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The great campus construction boom of the 1960s and 1970s has many U.S. college campuses showing their age, and not in a good way. Cracking brickwork, old pipes and leaky roofs—not to mention outdated building systems—are just some of the symptoms plaguing campuses of all sizes across the country. In addition, the ever-increasing capital crunch in higher education has made deferred maintenance the elephant in the room on almost every college or university campus.

Deferring repair jobs, even for understandable budgetary constraints, can be a serious liability for any institution, with costs continuing to spiral if maintenance issues are not addressed in a timely manner. Postponing repairs to a roof or HVAC system, for example, can increase the potential for emergency repair or replacement.

Yet between 2007 and 2012 the amount of space more than 50 years old that had not been renovated increased from 18 percent to 22 percent, according to an article by The Chronicle of Higher Education. Now, with roughly 6 billion square feet of space under the collective higher-education roof, catching up on deferred maintenance is only growing more costly. In 2015, deferred maintenance at U.S. colleges and universities surpassed $1 trillion, or $100 per facility square foot. That’s 20 percent more per-square-foot than in 2007, according to a recent report by Sightlines, a facilities solutions provider to universities.

With more aging infrastructure and systems piling up each year, colleges and universities face hard decisions when it comes to repair and upgrade prioritization. Fortunately, they also have new tools at their disposal today that were virtually unheard of even a decade ago, when the early signs of mounting maintenance started to rear its head. These technologies and systems have been adopted by private sector corporations and are now making their way into higher education.

How facility technology propels campus improvements
Armed with data and predictive analytics, colleges and universities can build consensus on capital planning and budgeting priorities. Like most problems, solving deferred maintenance challenges begins with recognizing and assessing the problem. New data-driven facilities capital assessment tools provide facility engineers with more in-depth insights into the state of campus buildings to better pinpoint maintenance and repair needs and anticipate possible future equipment failures. Using precise data and predictive analytics, they also can provide estimated costs, help prioritize projects, and plan for upgrades and repairs in advance.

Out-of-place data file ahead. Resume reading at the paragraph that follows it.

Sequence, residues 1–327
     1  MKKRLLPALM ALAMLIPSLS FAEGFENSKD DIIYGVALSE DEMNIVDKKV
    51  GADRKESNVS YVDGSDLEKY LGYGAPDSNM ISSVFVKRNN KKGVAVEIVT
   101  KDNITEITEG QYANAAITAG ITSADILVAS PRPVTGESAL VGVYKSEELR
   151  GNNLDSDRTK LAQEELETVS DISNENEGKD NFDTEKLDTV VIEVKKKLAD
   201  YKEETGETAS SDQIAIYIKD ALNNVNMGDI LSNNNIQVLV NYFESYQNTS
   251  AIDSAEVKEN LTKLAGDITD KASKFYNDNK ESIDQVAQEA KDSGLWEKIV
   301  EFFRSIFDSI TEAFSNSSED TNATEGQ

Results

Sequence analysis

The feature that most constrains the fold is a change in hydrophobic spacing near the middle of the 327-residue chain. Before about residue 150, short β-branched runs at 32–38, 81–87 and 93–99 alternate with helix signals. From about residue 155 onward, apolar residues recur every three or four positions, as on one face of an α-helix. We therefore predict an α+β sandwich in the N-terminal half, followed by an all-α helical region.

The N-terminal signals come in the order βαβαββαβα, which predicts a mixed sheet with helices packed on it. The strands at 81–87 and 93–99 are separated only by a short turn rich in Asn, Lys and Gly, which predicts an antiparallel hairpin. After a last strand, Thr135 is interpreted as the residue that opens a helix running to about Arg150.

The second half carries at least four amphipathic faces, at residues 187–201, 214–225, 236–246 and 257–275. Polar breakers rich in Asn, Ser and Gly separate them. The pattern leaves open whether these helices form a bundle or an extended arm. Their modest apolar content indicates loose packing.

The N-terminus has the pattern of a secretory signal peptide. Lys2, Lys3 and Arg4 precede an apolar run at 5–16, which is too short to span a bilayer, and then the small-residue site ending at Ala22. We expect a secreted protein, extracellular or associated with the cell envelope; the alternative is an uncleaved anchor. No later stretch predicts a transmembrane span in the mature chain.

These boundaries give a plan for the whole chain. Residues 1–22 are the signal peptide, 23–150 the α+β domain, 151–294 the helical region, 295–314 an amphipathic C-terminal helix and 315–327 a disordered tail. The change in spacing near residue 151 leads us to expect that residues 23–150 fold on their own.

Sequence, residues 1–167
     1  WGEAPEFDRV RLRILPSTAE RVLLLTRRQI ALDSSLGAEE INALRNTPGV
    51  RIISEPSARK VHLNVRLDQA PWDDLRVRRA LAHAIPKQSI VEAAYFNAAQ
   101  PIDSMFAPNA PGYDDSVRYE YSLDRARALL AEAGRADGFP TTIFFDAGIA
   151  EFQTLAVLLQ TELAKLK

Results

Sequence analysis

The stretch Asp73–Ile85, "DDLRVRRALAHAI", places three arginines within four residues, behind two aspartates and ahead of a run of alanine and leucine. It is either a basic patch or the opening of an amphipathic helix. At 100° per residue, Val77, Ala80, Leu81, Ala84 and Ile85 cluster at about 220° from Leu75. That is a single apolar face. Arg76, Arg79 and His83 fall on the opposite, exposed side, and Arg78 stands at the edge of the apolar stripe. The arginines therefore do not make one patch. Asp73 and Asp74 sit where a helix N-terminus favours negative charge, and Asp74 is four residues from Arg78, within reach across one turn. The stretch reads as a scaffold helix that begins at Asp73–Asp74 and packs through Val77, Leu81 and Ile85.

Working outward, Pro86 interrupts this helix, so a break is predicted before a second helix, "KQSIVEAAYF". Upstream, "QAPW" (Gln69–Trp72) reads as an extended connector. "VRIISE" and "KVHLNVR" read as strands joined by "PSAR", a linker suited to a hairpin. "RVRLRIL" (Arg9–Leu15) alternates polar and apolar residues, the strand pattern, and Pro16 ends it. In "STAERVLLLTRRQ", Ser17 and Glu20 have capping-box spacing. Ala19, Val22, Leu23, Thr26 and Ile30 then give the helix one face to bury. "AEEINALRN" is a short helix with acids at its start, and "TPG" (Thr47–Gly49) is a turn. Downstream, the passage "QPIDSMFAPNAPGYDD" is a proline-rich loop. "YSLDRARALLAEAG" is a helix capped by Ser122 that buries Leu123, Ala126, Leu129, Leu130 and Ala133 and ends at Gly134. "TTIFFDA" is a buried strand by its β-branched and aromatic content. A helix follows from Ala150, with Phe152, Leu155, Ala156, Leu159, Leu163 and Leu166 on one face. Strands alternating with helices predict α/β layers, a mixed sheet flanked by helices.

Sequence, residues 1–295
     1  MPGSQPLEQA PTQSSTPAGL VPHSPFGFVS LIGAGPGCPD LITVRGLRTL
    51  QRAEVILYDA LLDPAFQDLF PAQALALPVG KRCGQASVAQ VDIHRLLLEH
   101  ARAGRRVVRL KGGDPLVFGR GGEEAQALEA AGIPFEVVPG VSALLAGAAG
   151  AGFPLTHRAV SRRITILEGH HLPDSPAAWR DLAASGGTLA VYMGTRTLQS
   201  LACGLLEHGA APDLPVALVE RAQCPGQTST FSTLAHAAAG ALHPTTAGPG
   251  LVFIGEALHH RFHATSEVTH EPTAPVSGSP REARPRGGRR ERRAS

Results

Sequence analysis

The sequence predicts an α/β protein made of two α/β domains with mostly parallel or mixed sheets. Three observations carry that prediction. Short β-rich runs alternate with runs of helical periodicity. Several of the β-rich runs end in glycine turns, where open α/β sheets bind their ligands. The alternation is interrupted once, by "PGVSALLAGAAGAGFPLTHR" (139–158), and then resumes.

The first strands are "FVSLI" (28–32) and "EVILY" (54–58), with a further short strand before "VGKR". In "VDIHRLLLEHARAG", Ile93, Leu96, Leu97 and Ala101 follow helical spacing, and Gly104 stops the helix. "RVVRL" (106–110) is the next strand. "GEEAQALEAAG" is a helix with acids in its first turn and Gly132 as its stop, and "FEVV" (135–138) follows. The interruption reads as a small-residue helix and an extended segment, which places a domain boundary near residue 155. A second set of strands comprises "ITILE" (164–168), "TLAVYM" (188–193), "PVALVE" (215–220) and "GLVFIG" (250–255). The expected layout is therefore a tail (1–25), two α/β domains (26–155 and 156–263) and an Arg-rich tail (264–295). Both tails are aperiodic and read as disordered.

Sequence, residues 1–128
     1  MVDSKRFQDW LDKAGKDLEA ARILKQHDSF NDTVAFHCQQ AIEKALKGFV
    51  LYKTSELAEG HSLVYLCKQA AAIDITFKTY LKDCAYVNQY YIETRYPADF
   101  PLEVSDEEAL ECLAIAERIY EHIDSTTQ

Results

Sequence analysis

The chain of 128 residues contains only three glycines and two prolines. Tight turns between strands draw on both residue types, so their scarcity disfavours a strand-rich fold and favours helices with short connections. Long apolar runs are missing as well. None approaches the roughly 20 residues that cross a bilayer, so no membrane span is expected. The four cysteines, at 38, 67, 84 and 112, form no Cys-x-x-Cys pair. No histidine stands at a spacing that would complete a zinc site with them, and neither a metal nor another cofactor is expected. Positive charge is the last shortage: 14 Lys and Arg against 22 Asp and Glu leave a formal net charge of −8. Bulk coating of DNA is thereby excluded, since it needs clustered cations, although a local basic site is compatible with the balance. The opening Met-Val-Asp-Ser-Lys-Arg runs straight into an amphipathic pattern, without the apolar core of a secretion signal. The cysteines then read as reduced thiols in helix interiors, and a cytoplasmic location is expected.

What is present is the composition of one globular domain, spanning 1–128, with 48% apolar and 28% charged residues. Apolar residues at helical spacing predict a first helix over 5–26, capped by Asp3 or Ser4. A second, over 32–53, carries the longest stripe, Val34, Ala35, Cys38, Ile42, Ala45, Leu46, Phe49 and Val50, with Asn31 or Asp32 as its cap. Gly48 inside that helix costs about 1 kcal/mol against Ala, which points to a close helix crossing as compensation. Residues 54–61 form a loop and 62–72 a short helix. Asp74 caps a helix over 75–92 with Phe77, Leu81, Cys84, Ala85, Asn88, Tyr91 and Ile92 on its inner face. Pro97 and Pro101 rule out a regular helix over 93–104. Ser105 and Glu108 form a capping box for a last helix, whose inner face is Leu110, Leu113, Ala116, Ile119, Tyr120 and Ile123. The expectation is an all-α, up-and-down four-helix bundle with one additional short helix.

The benefits extend to capital planning, too, with data-driven insights providing a clear picture of maintenance requirements and a suggested roadmap for short- and long-term funding projects in the context of overall university needs.

There are also opportunities to bundle similar projects across multiple buildings for volume efficiencies. For example, replacing elevators or generators across multiple campus buildings brings with it the potential for volume efficiencies, rather than budgeting upgrades per individual building.

Investing in facility management solutions can be applied to campus-wide improvements for a bigger-ticket win, too. By automating building systems, facility leaders can improve compliance and service delivery, boost efficiency and the campus experience, and move from reactive facility planning to predictive planning.

Smart building technology on college campuses is another area of great possibility. Smart lighting and HVAC systems give students more power to personalize their environment, while also increasing energy efficiency. Sensors and affiliated technology platforms can monitor building occupancy, offering clues to improve space planning. And enhanced safety and security features provide peace of mind to students and their parents.

Addressing deferred maintenance
Many higher education leaders know they have an infrastructure problem, and are looking for ways to fund important updates, replacements and renovations. For example, consider, the University of Arizona, which is borrowing $200 million to address existing facilities needs, or Wells College in Aurora, N.Y., which is offering donors the chance to name dorms in exchange for helping fund $10,000 in new heating, windows and flooring in each residential unit. In addition, public private partnerships are flourishing in higher education as institutions leverage the private sector to renovate aging infrastructure.

A high-tech, data-driven approach is a key to success for campuses looking to address problems related to deferred maintenance. By leveraging data and analytics to identify future needs and fuel thoughtful capital planning, higher education institutions can tackle a series of manageable projects that keep campuses up to date and optimize the learning experience.

They can also then divert attention—and cost savings—back to the university's core mission: educating students.

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